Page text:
3. Your adventure buddies are your biggest tool. Always check in with one another and be open and honest about how your body is doing.


  1. Don’t fall for it! Judgement traps cause many cold related injuries. It can be a beautiful day out, but the water may be too cold for swimming. Or, a beautiful day can bring in a chill after the sun dips below the horizon! Don’t let the weather fool you.
  2. Avoid being wet. Water conducts heat away from the body 25 times faster than air because it has a greater density (therefore a greater heat capacity). Avoid this by getting good wicking clothes or changing out damp clothes entirely. Stay dry to stay alive!

3. Eat your nom noms. After a long day, sometimes it is tempting to just make a quick meal and hit the hay. Remember, food is fuel. Your body needs fuel to maintain temperature! Don’t make oatmeal for every meal- incorporate good sugars, carbs, fats, and veggies. Also, make sure to account for additional calories needed when out on the trail and in extreme temperatures. In most cases, cold injuries result from extended exposure or lack of attention. Paying attention to your meals everyday will help in thermoregulation


Temperature formula. If the air temperature and water temperature combined is above 120 ℉  (H20 temp + air temp = > 120 ℉ ) you can consider swimming. This is a quick trick to get a good gauge, but remember to always use good judgement for each particular situation.

How to gauge water temperature with your hand:

    1. You can’t keep your hand in for more than 60 seconds = ~50 ℉
    2. If the water is cold on your hand but not unbearable = ~68 ℉
    3. Lukewarm (not warm and not cold) water to the hand = 91 ℉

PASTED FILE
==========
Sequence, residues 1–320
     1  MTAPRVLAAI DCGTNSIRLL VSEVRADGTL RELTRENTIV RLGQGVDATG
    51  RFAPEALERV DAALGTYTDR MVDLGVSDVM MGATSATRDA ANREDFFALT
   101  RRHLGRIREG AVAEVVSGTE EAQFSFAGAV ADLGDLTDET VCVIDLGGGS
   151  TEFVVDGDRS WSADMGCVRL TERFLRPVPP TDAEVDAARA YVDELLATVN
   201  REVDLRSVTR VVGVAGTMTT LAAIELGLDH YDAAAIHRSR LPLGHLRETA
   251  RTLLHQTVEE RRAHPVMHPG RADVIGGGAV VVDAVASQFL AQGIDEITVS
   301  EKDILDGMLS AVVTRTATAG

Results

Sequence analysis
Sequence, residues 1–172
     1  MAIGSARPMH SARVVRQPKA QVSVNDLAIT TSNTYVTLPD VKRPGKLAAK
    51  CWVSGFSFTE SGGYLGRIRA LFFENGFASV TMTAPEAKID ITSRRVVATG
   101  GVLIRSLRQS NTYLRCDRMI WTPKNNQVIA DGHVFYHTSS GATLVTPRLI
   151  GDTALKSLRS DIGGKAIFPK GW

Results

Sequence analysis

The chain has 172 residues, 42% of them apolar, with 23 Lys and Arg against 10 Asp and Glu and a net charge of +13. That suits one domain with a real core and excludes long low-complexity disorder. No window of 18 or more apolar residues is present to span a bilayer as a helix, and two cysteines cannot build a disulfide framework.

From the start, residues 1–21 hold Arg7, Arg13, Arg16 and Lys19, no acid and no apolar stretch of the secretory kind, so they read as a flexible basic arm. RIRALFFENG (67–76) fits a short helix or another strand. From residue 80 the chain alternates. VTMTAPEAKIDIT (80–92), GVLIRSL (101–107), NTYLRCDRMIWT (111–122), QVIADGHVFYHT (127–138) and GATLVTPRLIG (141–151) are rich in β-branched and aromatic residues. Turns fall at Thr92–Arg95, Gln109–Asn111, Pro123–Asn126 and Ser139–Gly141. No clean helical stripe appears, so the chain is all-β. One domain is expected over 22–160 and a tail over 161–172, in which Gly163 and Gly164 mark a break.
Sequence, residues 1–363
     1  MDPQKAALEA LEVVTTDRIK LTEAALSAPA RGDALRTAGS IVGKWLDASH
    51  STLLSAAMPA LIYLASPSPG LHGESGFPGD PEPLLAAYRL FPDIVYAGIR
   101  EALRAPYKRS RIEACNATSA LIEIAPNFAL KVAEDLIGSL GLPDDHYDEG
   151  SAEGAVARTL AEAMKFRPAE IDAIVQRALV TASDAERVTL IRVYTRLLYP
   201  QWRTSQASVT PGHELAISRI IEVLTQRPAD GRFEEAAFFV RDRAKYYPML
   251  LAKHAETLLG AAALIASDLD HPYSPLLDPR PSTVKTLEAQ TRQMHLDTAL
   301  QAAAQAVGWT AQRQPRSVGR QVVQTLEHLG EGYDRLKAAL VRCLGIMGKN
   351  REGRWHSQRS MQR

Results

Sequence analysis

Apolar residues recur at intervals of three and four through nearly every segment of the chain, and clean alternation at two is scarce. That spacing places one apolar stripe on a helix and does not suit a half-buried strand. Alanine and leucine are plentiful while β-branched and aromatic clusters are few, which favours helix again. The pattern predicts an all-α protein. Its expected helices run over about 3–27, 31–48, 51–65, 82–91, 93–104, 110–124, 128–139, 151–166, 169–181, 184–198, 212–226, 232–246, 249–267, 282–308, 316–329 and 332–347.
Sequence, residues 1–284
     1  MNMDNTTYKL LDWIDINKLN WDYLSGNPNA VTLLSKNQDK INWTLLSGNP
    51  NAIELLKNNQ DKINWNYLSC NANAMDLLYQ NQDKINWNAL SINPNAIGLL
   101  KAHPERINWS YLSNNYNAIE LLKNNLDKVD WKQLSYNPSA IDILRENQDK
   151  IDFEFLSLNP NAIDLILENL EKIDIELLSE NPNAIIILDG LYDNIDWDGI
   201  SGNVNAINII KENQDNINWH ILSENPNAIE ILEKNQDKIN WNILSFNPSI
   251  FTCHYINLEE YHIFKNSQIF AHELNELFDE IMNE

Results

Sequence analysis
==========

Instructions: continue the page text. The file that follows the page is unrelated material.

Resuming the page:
FUN Prevention. Try to come up with some clever ways to prevent the cold from setting in. My favorite trick is having a “go” word. For example, when someone says an agreed upon word (yes, no, maybe, mountain, etc.) the person that catches them saying the word says “go do ______” (establish guidelines before the game starts). It helps to get everyone moving and makes a fun game for people!



Radiation – loss of heat to the environment due to the temperature gradient (this occurs only as long as the ambient temperature is below 98.6). Factors important in radiant heat loss are the surface area and the temperature gradient.
Conduction – through direct contact between objects, molecular transference of heat energy. Ex: our body heat transferring to water.
Convection – is a process of conduction where one of the objects is in motion. Ex: windchill
Evaporation – heat loss from converting water from a liquid to a gas
Cold Injury: An injury caused by exposure to extreme cold that can lead to loss of body parts and even to death


1- https://www.princeton.edu/~oa/safety/hypocold.shtml


3- http://www.empoweredwomeninbusiness.com/bust-the-scarcity-myth-free-call/

4- http://www.flylady.net/d/wp-content/uploads/2016/10/

5- http://www.clipartpanda.com/categories/tip-clipart